A unifying hypothesis for hydrocephalus, Chiari malformation, syringomyelia, anencephaly and spina bifida
© Williams; licensee BioMed Central Ltd. 2008
Received: 19 September 2007
Accepted: 11 April 2008
Published: 11 April 2008
This work is a modified version of the Casey Holter Memorial prize essay presented to the Society for Research into Hydrocephalus and Spina Bifida, June 29th 2007, Heidelberg, Germany. It describes the origin and consequences of the Chiari malformation, and proposes that hydrocephalus is caused by inadequate central nervous system (CNS) venous drainage. A new hypothesis regarding the pathogenesis, anencephaly and spina bifida is described.
Any volume increase in the central nervous system can increase venous pressure. This occurs because veins are compressible and a CNS volume increase may result in reduced venous blood flow. This has the potential to cause progressive increase in cerebrospinal fluid (CSF) volume. Venous insufficiency may be caused by any disease that reduces space for venous volume. The flow of CSF has a beneficial effect on venous drainage. In health it moderates central nervous system pressure by moving between the head and spine. Conversely, obstruction to CSF flow causes localised pressure increases, which have an adverse effect on venous drainage.
The Chiari malformation is associated with hindbrain herniation, which may be caused by low spinal pressure relative to cranial pressure. In these instances, there are hindbrain-related symptoms caused by cerebellar and brainstem compression. When spinal injury occurs as a result of a Chiari malformation, the primary pathology is posterior fossa hypoplasia, resulting in raised spinal pressure. The small posterior fossa prevents the flow of CSF from the spine to the head as blood enters the central nervous system during movement. Consequently, intermittent increases in spinal pressure caused by movement, result in injury to the spinal cord. It is proposed that posterior fossa hypoplasia, which has origins in fetal life, causes syringomyelia after birth and leads to damage to the spinal cord in spina bifida. It is proposed that hydrocephalus may occur as a result of posterior fossa hypoplasia, where raised pressure occurs as a result of obstruction to flow of CSF from the head to the spine, and cerebral injury with raised pressure occurs in anencephaly by this mechanism.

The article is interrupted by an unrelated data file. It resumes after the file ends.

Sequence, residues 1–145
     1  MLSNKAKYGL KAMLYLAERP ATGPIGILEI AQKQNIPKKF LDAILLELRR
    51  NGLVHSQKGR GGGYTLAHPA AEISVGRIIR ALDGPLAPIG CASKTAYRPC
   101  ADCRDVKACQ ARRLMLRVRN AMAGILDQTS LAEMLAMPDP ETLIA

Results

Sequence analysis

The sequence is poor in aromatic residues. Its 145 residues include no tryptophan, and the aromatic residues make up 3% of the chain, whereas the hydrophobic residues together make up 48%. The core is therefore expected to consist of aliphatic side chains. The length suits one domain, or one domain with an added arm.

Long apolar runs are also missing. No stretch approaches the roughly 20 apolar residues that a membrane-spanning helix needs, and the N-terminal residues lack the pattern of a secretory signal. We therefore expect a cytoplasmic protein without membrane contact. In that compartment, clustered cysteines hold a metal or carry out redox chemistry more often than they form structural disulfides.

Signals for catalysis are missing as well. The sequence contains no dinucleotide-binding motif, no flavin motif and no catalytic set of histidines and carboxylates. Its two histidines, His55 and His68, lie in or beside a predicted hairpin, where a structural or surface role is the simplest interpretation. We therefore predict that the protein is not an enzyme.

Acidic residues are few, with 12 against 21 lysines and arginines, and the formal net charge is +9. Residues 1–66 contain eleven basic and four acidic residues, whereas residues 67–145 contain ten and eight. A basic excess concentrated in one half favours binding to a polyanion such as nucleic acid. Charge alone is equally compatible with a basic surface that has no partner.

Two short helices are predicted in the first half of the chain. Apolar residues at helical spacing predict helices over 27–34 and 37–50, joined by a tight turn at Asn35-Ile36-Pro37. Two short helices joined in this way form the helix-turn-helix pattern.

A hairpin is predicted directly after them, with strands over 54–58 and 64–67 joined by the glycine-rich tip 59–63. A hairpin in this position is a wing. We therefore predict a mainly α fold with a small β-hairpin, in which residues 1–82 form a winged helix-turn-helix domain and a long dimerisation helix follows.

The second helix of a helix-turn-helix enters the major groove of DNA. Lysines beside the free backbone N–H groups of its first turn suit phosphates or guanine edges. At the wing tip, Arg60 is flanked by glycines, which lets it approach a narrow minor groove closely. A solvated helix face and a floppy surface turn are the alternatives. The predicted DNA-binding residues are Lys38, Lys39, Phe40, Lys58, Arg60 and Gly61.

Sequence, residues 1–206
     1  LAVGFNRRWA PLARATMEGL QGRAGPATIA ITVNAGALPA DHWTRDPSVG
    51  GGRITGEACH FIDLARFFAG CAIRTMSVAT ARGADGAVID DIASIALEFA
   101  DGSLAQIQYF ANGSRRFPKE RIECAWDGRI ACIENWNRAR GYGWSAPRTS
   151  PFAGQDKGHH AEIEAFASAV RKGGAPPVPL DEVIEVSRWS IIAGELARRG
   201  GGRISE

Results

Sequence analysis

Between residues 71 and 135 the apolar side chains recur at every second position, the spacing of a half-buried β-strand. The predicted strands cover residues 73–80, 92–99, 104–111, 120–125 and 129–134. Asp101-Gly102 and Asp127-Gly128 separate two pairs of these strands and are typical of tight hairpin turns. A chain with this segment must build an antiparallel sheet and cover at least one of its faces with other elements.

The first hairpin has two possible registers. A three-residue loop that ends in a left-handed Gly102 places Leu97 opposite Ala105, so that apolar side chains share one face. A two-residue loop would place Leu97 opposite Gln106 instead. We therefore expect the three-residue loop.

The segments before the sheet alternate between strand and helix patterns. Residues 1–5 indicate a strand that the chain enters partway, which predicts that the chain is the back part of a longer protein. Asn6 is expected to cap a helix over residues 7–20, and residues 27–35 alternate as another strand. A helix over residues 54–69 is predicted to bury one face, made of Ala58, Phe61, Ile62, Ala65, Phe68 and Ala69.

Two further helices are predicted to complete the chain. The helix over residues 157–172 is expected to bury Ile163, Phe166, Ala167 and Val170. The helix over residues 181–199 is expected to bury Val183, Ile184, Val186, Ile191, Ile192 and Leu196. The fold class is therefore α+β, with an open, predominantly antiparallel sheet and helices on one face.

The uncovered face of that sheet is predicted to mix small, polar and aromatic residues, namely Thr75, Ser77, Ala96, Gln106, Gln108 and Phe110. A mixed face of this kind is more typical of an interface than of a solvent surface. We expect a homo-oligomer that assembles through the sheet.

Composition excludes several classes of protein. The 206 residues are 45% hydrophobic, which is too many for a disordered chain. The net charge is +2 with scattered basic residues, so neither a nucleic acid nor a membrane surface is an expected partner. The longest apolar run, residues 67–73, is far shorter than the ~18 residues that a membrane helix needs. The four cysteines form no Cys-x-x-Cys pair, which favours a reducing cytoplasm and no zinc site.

The current view of dysraphism is that low central nervous system pressure and exposure to amniotic fluid, damage the central nervous system. The hypothesis proposed in this essay supports the view that spina bifida is a manifestation of progressive hydrocephalus in the fetus. It is proposed that that mesodermal growth insufficiency influences both neural tube closure and central nervous system pressure, leading to dysraphism.
Hydrocephalus involves degrees of raised central nervous system (CNS) pressure and extracellular fluid accumulation. It is thought to result from many unrelated disease processes. The relationship between hydrocephalus and spina bifida has been the subject of prolonged debate. The Chiari I malformation is related to posterior fossa hypoplasia and causes spinal injury in syringomyelia by obstruction to cerebrospinal fluid (CSF) flow at the foramen magnum [1, 2]. The Chiari II malformation is found in association with spina bifida and is thought by many to be unrelated to Chiari I, with neural injury and reduced posterior fossa size caused by failure of neural tube closure and its consequences, including toxicity caused by exposure to amniotic fluid [3, 4]. It is proposed that there is an alternative explanation for the varied manifestations of anencephaly and spina bifida that represents a combination of defective neural tube closure and hydrocephalus in the fetus. The hypothesis argues that:
Hydrocephalus progresses because of venous insufficiency. This occurs with all primary abnormalities that cause a pathological increase in CNS pressure.